If you're skeptical about that point, just think about the world of journalism and how many different topics exist to be covered, from sports to tech startups to international politics to the education system and much, much more. Media outlets constantly hire writers who are great at the nuts and bolts of writing, interviewing, and so on, and they then learn to become subject matter experts. To hire candidates who are experts, great writers, and seeking employment at the right time is to hire a bunch of unicorns.

The second thing you look at shouldn't be the resume.

The second thing should be their online presence. Google them! See what side projects they've done, or read their tweets or blog posts. This is all evidence of their skill set. Reading a blog post about sales written by a sales rep isn't proof that he or she can actually sell. But a blog post written by someone who claims to be a writer? Those are actual examples of their work.

As for side projects, don't be scared off by wildly quirky and irrelevant pieces. Making is a muscle, and fun or random side projects help creatives get stronger. (Think of it this way: A basketball coach who wants a shooter understands that, even though the motion of a pushup looks nothing like a jumpshot, the former leads to a better, stronger version of the latter.)

The third thing you look at shouldn't be the resume.

Nope, no resume yet! The third step is to look at their cover letter. Always keep in mind that a cover letter is a work sample when it comes to hiring writers.

The only reason I listed this third and not second is that most of us are improperly educated by career centers and online templates/resources for cover letters. It's unfortunate and sad. They always propose those outdated, formulaic, block-text approaches to cover letters, where being "unique" means changing "I'm interested in your job" to "I'm very interested."

Top-notch writers can and should use their cover letter to stand out, but it's still rare. Out of the 100+ I reviewed with HubSpot, only two stood out: a video someone created as a substitute for a text email, and an impassioned note about the state of our industry which started, "I'm afraid." Wow! Two simple words that stood way out compared to a sea of "Dear Hiring Manager." That great cover belonged to Erik Devaney, who still works at HubSpot today.

3. Assign Projects -- And Do So As Early As You Can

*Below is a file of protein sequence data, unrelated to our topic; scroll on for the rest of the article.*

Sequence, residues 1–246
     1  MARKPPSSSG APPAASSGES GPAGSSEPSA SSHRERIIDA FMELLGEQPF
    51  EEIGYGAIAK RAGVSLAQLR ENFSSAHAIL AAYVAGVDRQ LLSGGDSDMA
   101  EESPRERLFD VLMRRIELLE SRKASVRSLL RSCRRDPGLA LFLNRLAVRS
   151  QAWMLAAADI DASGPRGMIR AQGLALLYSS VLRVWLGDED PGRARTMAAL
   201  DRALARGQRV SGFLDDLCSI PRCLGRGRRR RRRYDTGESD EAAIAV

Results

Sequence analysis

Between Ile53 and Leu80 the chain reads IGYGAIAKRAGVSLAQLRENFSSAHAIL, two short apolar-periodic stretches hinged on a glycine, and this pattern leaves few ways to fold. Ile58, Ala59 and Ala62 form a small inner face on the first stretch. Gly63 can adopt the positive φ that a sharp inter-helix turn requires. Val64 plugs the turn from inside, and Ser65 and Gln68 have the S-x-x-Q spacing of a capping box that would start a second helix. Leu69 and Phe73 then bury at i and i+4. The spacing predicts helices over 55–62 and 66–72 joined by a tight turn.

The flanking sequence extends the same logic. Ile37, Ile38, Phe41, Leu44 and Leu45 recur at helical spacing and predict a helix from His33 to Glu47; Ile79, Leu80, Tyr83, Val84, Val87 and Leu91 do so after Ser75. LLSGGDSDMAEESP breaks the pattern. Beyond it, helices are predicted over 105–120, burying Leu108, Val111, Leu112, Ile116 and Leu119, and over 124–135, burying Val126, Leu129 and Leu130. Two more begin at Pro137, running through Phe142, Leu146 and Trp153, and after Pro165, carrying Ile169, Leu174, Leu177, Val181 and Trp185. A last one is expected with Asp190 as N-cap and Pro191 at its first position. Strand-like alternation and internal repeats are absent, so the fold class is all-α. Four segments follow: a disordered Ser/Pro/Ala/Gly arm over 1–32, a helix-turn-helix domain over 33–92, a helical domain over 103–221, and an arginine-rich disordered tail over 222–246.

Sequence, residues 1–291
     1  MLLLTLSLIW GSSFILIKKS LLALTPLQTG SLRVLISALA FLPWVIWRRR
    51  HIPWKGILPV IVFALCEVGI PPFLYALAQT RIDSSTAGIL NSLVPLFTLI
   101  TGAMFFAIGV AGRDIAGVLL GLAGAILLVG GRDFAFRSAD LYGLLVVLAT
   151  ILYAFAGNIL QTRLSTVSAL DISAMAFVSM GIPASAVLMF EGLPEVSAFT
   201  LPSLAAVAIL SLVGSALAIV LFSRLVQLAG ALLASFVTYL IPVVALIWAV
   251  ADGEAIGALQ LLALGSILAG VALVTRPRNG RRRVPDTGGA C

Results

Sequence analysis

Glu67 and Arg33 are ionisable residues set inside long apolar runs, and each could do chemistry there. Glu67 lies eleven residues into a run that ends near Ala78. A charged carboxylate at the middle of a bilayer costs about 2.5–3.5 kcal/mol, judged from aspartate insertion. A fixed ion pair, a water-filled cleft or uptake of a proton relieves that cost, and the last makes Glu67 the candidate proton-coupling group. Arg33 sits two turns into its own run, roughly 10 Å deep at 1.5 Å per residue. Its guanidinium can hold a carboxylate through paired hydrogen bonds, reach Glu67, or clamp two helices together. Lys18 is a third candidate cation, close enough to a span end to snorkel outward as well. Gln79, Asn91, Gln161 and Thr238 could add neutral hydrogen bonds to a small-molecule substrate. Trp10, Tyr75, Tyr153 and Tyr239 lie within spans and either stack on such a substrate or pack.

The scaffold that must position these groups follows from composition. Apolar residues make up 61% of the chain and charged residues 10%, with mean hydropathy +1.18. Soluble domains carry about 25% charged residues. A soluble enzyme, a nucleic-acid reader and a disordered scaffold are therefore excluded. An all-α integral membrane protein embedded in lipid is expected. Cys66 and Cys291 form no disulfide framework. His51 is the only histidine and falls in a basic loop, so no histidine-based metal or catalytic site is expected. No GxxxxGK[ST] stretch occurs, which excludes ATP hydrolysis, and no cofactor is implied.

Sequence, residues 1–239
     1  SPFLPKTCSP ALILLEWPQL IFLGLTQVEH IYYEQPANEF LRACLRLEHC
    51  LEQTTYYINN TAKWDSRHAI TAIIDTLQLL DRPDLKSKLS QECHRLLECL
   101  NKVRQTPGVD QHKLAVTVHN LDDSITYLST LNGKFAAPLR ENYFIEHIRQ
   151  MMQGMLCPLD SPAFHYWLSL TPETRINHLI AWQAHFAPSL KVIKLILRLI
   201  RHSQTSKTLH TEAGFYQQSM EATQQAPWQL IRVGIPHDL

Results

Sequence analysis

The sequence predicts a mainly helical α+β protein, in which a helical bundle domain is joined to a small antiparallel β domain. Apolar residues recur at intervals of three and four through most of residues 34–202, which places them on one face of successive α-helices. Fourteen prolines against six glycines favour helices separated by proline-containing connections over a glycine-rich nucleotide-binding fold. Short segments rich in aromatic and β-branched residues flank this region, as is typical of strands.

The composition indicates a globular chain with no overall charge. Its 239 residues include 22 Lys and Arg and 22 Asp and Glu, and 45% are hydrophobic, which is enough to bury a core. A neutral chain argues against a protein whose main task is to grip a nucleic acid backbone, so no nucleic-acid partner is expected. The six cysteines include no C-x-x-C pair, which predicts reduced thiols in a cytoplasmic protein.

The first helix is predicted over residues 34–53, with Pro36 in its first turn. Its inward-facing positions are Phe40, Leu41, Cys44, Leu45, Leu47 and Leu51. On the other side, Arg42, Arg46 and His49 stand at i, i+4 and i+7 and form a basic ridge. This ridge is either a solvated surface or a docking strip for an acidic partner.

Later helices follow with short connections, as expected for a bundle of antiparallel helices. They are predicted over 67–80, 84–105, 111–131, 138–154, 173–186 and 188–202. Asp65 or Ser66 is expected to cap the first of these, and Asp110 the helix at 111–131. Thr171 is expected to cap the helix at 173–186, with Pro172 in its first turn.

If I didn't think that most candidates want to talk to a company and gauge interest before creating an original piece for them, I'd ditch the phone and in-person screens entirely and just ask people to submit a project. (I might actually try this someday just to find out if it works.)

But if and when you like a candidate, assign them a relevant project. Give them a loose framework and loose instructions, as well as a deadline that feels a little aggressive to see how they perform under pressure.

For example, give them a couple working headlines for blog posts and ask them to choose one and write a draft by the next day. Or give them a half-baked draft of something you're already creating and ask for rigorous edits, both for copy and concept. You can also use editing as a way to further test candidates who are too close to call -- if two writers absolutely nail their assignments and you're stuck, ask for them to self-edit and explain everything in detail.

Make sure the assignment is something you'd actually use day to day too. It's like putting them on the job before you actually make a decision, just to test the waters -- a luxury available when hiring writers and other production-oriented jobs. (It's much tougher to put a marketer or sales rep to work before hiring them, for example.)

Of course, the resulting idea and written piece is the writer's property. After all, even with the same headline assigned, no two writers will produce the exact same paragraphs. As such, I don't believe their assignments are yours, so if I ever published a candidate's piece, I'd pay them regardless of whether they got hired. I'd highly suggest doing the same -- it's just the right thing to do.

Just to Recap

  1. Ditch the standard playbook and mentality. Great writers don't often smell like great candidates for other roles.
  2. Write a great job description by appealing to creativity, rather than marketing tactics and business results.
  3. Spend your time looking at the RIGHT things submitted by the writer. Resumes and past job functions often fall way down the list compared to other roles.
  4. Assign relevant project work under a strict deadline.

Fast-forward from our time together at Dailybreak, and Jeff now finds himself with an amazing job as the first content manager at another startup with tens of millions in revenue, where he's responsible for their entire content strategy (congrats, Jeff!). It feels like a lifetime ago that he was a bartender that I almost made the huge mistake of not hiring.

Today, if you ran his resume through the standard hiring process, Jeff would come out the other side looking like a great candidate. But to get there, he was initially an exception to the "usual" rules.

Here's hoping you make room for yours.

This post was originally posted on The View From Seed, NextView's blog for early-stage startups.

Posted on August 28, 2014 and filed under writing.